PLANT VARIATION IN CD, PB, ZN AND AS ACCUMULATION AND BIOAVAILABILITY AND METHODS TO LIMIT RISK
Location: Environmental Management and Byproduct Utilization Laboratory
Project Number: 1265-42000-012-00
Start Date: Feb 23, 2006
End Date: Feb 22, 2011
Characterize the influence of zinc and iron concentrations in edible crop tissues on bioavailability of crop cadmium to animals; characterize potential transfer of soil lead, arsenic, and copper by vegetable crps grown on long-term orchard soils and other contaminated agricultural soils and methods to prevent this transfer; characterize genetic resources and inheritance of grain Cd to reduce cadmium in durum wheat, flax, and nonoilseed sunflower and release improved lower Cd germplasm; develop methods to identify levels of heavy metals, such as lead, arsenic and cadmium that might be food safety/security risks to give us the tools to prevent contamination of food of both plant and animal origin.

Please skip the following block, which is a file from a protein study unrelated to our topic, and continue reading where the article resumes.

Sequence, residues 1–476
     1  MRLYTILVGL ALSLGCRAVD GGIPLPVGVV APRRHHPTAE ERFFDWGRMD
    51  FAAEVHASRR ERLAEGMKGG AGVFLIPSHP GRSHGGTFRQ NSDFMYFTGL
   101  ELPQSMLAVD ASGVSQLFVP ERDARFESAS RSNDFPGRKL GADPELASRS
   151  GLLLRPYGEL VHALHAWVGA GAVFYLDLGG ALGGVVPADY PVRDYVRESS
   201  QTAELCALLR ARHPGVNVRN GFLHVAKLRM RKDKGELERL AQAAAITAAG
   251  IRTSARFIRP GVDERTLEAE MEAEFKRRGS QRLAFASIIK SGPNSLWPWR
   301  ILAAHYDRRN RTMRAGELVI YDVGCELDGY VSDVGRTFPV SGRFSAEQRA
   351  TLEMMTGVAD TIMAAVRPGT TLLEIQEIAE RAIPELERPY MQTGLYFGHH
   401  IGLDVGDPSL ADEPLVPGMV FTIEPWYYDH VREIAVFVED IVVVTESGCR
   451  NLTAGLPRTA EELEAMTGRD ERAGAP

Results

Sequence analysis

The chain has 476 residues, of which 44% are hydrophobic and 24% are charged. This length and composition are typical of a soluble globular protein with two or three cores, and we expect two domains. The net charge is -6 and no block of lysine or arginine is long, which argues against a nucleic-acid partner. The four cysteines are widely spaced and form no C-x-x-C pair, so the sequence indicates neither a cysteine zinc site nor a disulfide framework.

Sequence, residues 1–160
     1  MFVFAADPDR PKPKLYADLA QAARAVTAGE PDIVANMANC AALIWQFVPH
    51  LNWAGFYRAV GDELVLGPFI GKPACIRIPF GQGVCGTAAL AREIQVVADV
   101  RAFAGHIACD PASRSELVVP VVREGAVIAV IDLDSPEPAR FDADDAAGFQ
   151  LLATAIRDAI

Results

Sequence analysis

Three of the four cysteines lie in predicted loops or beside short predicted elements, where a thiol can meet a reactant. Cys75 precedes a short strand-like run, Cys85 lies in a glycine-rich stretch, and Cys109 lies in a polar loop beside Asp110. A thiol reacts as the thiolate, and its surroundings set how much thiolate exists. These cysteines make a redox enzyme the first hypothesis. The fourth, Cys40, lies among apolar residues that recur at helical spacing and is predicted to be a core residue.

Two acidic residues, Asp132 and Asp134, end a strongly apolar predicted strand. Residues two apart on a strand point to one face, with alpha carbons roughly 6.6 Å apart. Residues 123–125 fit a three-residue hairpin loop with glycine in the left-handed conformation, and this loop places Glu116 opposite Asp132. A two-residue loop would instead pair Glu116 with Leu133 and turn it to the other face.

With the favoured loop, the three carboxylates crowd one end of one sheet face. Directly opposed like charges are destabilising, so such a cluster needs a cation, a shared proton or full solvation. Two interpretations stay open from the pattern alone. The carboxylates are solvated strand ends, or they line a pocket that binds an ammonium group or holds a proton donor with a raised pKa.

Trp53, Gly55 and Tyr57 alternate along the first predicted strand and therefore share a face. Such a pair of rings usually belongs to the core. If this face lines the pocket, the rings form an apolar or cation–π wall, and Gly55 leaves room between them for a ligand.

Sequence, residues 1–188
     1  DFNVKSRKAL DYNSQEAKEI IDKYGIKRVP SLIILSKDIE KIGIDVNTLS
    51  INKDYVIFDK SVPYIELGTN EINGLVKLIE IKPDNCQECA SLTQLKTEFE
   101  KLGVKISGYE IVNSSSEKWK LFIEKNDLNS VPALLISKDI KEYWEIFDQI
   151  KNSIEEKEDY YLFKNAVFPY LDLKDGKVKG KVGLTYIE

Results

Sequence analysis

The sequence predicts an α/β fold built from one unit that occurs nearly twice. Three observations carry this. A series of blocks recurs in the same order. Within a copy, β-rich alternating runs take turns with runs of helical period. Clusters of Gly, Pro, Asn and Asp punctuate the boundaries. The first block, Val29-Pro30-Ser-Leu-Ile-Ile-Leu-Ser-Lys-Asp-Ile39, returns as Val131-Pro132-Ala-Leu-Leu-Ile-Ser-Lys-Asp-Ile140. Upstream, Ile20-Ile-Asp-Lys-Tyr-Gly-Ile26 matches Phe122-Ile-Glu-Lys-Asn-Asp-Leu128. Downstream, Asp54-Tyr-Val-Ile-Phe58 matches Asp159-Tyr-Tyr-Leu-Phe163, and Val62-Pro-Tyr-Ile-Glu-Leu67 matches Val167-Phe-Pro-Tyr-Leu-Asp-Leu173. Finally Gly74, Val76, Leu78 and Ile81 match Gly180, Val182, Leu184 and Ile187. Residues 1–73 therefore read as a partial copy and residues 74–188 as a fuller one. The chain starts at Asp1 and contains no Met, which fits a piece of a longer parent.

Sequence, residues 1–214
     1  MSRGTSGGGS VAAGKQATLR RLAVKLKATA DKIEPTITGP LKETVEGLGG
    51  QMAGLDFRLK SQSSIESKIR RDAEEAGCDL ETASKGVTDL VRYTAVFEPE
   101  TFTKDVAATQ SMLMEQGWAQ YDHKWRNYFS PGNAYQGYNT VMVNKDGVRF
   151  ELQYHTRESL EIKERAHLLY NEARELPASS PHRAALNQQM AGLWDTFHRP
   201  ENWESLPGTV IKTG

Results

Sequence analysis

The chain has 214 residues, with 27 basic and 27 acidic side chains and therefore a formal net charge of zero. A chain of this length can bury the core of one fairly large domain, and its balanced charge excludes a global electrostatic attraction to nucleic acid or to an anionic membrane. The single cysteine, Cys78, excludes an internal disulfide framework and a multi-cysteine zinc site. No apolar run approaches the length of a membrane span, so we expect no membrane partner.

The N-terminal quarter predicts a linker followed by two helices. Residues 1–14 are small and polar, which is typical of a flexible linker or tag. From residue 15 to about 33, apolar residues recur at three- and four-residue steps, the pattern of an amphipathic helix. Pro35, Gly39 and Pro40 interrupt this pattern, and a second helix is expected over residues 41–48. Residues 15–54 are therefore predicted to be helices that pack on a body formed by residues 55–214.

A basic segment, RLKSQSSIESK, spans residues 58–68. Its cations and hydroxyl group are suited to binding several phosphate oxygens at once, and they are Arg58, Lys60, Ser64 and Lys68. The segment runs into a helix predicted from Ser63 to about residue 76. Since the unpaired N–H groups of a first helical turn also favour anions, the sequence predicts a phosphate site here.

1) conduct animal feeding studies on the effect of dietary iron, zinc and calcium supply, and crop Zn level, on absorption of Cd in lettuce, polished rice and other crops for which Cd is important in understanding of human Cd risks from foods (durum wheat; bread wheat; etc.) 2) Grow commercial and garden carrot varieties with a wide range of properties on contaminated orchard soils rich in Pb and As; include tests of soil amendments expected to reduce uptake of Pb or As. Measure in vitro bioaccessibility and if needed bioavailability of crop Pb or As to animals. Examine metal residues in peel layer vs. internal storage root tissue. 3) Complete testing of inheritance of grain Cd concentration in sunflower hybrids, flax genotypes shown to differ in grain Cd accumulation, and durum wheat breeding lines; assist plant breeders develop germplasm releases with lower Cd than present commercial types. Examine physiology of genetic differences in Cd accumulation in relation to soil properties where crops are grown. 4) Test methods for rapid direct analysis, or preparation or extraction of Cd, As, and/or Pb in foods of plant or animal origin for spectrometric analysis at lower cost than present usual methods of analysis and verify the application of the methods developed for commercial food samples.